While it’s a tradition to serve turkey on Thanksgiving Day, the origins of the tradition are a bit murky. Sarah Bitner explores the possibilities of what was on that first Thanksgiving table:
Every year on the 4th Thursday of November, most Americans sit down to a delectable meal of turkey, stuffing, mashed potatoes, cranberry sauce and pumpkin pie. We do this to celebrate the first feast between European settlers and Native Americans hundreds of years ago.
Figuring out what they at on that memorable day long ago, requires some detective work. In that harsh winter of 1620, almost half the colonist of Plymouth, Massachusetts died. The survivors befriended the nearby Wampanoag tribe to taught them to fish, hunt, and plant crops in their new environment…”in the year 1621 the pilgrims held their first Thanksgiving feast, and they invited the great Indian chief Hasselsoit who brought 90 of his brave Indians, and a great abundance of food.”
Historians are unsure exactly what was on the menu for the feast but they believe they know what was most likely consumed. The journal of pilgrim, Edward Winslow, who was present at the feast, provides evidence that main roast of the feast was venison. Winslow also wrote…”our harvest being gotten in, our governor sent four men on fouling, that while we might, after a special manner, might rejoice together after we had gathered the fruits of our labors.” He does not specify if the foul was turkey, goose, duck, crane, swan, partridge, eagle, or some combination. So, turkey could have very well been on the table. Additional protein was probably served in the form of seafood, in the form of cod, eel, clams and lobster. Cultivated food most likely included wheat flour, grain corn, pumpkin, beans, peas, onions, lettuce, radishes, carrots, plums, grapes, walnuts, chestnuts, and acorns. Olive oil, liverwort, leeks, dried currents, and parsnips would have been used to season the meal.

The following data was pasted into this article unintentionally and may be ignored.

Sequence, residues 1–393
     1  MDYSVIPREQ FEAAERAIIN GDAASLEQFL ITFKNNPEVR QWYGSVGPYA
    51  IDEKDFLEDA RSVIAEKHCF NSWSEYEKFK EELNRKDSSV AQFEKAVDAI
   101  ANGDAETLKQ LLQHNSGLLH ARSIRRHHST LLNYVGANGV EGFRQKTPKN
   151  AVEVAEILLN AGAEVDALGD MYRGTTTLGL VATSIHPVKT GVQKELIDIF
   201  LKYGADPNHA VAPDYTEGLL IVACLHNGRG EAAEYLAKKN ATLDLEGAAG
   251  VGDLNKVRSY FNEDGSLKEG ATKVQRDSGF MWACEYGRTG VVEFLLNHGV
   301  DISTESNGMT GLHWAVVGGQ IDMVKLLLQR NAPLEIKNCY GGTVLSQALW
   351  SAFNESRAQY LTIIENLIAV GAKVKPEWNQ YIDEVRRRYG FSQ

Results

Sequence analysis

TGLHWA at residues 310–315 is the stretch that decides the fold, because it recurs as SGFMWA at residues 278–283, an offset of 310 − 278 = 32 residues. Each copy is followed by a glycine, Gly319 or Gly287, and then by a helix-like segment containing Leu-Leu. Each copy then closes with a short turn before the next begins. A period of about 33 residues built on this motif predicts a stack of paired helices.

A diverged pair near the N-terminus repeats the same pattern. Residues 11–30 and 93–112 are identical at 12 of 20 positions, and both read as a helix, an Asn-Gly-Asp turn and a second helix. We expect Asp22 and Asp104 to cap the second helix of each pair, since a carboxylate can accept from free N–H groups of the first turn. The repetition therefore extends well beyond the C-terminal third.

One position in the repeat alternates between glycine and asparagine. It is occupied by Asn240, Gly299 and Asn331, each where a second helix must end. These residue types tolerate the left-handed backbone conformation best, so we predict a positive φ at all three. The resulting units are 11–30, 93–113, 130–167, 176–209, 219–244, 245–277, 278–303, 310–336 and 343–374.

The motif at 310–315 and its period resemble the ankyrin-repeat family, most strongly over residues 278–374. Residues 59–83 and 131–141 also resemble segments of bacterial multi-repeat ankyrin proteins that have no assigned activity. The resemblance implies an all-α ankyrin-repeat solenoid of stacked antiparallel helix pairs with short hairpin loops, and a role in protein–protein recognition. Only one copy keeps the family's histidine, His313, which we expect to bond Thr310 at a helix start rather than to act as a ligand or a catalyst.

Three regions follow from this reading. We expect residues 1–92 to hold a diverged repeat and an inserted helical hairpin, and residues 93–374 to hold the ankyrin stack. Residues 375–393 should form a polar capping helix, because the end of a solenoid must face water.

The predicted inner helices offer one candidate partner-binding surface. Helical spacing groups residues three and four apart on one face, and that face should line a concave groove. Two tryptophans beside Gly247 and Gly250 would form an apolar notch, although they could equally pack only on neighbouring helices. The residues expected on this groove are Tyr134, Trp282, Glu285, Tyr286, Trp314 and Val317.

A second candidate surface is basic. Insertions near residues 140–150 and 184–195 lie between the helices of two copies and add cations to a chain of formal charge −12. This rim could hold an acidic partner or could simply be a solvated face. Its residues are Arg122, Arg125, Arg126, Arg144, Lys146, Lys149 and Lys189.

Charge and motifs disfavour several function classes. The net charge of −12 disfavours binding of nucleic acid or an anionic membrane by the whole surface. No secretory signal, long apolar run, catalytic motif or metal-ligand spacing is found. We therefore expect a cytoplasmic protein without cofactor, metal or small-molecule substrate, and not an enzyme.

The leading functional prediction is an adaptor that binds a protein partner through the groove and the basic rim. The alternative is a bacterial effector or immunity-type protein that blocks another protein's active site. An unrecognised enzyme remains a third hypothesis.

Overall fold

Turkey became a staple on America’s Thanksgiving Day table in the mid-1800’s, leading to the now common nickname for the meal…Turkey Day. Minnesota is the top US turkey producing state, followed by North Carolina, Missouri, Arkansas and Virginia.
In 1863 President Abraham Lincoln declared Thanksgiving a national holiday at the behest of Sarah Josepha Hale, author of the famous poem, “Mary Had a Little Lamb”. Hale wrote to five presidents to advocate for the holiday’s official status. Thus, a foodie feast to give thanks is prepared annually for family and friends.
Have a happy and healthy Thanksgiving.